Can we (the legacy health system) evolve to a patient-centered care model?

Will people with advanced illness become empowered and informed decision-makers regarding their care before it’s too late?

We’d love to hear your thoughts. Please email us with your comments to RespectingChoices@gundluth.org.

And may all of us have the support, courage and knowledge to see death as “…a continuation of life, and a friend to be prepared for,” as Joseph Cardinal Bernadin wrote in his memoir about facing death during his battle with cancer.

For more information about the book: http://www.havingyourownsay.org/

Dr. Bernard Hammes is the director of Medical Humanities and Respecting Choices® for Gundersen Health System headquartered in La Crosse, Wis. In this position, he provides educational programs for house staff, medical students, nursing students and physician assistant students. Dr. Hammes’ work has been primarily focused on improving care for patients with serious illness. He has developed institutional policies and practices, staff education and patient/community education with a special focus on advance care planning. This work has resulted in two nationally recognized programs on advance care planning: If I Only Knew... and Respecting Choices. He served as editor for the book Having Your Own Say: Getting the Right Care When It Matters Most.

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6 Steps for Discussing Goals of Care and Sharing Bad News

Posted 4/13/2012 Categories: home health, palliative care, patient goals of care, hospice, chronic care

The Burden of Illness and Goals of Care

It is no secret that Americans are living longer than ever. In fact the number of seniors has grown by a factor of 11 over the last century. By 2030, 1 in 5 Americans will be over 65. Unfortunately longer life is often accompanied by chronic illness. Thirty-percent of seniors have three or more chronic diseases, 80% of people over 80 have difficulty performing some activities of daily living. More and more Americans and their families must cope with the burden of chronic illness for months to years before death.

When facing the final years of life with its accompanying burden of illness, symptoms and functional decline most people begin to change their health care goals. Some patients are interested in rehabilitation and recovering strength. Others focus on avoiding hospitalizations so they can live at home with family members. Still others decide to avoid burdensome efforts aimed at prolonging life and want aggressive symptom management and care oriented toward comfort.

Unfortunately many research studies show that physicians and other healthcare providers typically avoid discussing goals of care and prognoses with patients. Often it is because these conversations are difficult and involve sharing bad news. However, for patients in the last few years of life to receive the care they want that is consistent with their values and wishes, health care providers must be skilled at challenging conversations. In short, they must be expert communicators.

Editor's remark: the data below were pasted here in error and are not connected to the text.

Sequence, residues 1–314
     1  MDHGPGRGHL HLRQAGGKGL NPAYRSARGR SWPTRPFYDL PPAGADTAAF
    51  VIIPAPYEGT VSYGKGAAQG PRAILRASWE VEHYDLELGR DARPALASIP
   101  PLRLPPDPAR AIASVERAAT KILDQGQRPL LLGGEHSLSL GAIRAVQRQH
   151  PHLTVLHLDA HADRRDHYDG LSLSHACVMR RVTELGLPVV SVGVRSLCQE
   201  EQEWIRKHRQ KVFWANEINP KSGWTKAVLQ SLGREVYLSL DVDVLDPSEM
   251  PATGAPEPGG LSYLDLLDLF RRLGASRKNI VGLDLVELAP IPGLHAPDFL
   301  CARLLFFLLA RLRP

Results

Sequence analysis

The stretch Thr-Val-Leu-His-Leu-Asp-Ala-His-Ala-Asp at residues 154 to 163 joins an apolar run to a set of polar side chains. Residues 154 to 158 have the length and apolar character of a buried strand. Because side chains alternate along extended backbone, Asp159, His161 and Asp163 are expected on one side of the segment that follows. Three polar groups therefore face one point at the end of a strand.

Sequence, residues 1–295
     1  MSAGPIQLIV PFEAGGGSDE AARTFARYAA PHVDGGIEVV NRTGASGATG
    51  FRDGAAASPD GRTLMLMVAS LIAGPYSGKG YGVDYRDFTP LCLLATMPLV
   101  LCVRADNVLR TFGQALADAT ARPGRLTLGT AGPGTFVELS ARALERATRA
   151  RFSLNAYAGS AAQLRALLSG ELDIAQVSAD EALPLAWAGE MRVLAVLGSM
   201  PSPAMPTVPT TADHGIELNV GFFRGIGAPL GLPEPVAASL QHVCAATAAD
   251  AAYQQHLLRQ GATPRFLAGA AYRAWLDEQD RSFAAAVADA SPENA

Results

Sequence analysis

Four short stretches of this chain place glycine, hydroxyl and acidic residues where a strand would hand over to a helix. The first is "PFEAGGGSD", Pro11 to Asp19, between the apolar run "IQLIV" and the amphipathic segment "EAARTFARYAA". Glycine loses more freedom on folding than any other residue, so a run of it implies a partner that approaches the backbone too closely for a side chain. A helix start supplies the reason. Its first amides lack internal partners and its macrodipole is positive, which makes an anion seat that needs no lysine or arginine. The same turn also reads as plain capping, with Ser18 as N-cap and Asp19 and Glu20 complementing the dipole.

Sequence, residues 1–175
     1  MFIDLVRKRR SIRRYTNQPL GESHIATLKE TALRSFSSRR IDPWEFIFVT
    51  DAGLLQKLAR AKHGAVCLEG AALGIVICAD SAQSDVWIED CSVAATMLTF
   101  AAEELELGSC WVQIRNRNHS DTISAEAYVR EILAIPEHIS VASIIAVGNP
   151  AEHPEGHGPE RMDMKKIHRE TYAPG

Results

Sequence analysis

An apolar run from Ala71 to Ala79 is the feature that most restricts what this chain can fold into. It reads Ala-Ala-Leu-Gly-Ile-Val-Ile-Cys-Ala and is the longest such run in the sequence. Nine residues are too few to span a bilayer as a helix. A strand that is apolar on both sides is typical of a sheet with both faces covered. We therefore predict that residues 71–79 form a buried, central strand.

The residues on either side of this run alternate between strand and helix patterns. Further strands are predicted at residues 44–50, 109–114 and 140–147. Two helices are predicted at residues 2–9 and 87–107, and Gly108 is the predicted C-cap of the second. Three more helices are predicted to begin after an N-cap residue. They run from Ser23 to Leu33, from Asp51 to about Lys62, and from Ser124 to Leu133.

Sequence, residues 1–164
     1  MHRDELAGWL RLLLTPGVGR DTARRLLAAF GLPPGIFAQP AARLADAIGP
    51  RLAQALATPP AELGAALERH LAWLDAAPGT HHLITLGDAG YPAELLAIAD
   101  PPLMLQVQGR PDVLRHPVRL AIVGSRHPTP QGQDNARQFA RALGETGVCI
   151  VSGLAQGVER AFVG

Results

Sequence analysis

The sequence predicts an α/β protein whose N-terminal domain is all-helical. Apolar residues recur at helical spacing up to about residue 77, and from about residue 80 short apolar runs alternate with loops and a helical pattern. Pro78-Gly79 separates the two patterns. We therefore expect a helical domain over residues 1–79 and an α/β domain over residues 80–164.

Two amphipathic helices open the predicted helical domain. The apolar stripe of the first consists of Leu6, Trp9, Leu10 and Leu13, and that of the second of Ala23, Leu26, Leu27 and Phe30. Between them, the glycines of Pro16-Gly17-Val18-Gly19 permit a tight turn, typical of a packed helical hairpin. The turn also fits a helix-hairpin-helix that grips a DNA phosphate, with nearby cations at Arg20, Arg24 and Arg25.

Many clinicians mistakenly believe that experience alone is sufficient to prepare them for discussing goals of care and sharing bad news. It is also easy to assume that simply lending a sympathetic ear or having compassion for seriously ill patients equips them with the ability to effectively communicate bad news. Although there is little research on this subject, studies suggest that physicians feel inadequately trained in sharing bad news, but after receiving structured training in the area, feel more comfortable engaging in these conversations.1

The Many Reasons We Avoid It

Besides lacking specific training in the area, medical professionals may avoid sharing bad news for a number of other reasons. We may feel personally responsible for a patient’s misfortune or feel that a poor outcome reflects a practice failure. Clinicians also often worry that sharing bad news will cause adverse reactions in patients, such as anxiety or despair. Finally, unresolved personal issues surrounding the death and dying process can also adversely affect a hospice professional’s ability to communicate bad news.

A 6-Step Protocol that Can Help

Although there is no evidence-based consensus on the best way to share bad news, experience suggests that structured communication is more effective than ad lib discussions. In his book, How to Break Bad News: A Guide for Health Care Professionals, Dr. Robert Buckman proposed a six-step protocol that many find helpful when embarking on a difficult conversation. His protocol uses the mnemonic, SPIKES, to help clinicians remember the content and order of the important steps, summarized below:

S—Setting

First, ensure the setting is conducive to good communication. Adequate privacy and comfort for the patient and family is essential. Limit distractions by turning off cell phones and pagers, and ask staff members to avoid interrupting the meeting. Invite appropriate loved ones to the conversation but, at the same time, respect the patient’s privacy and autonomy by excusing unwanted family members. Always remember to minimize any sense of power inequity by speaking to patients at their eye level.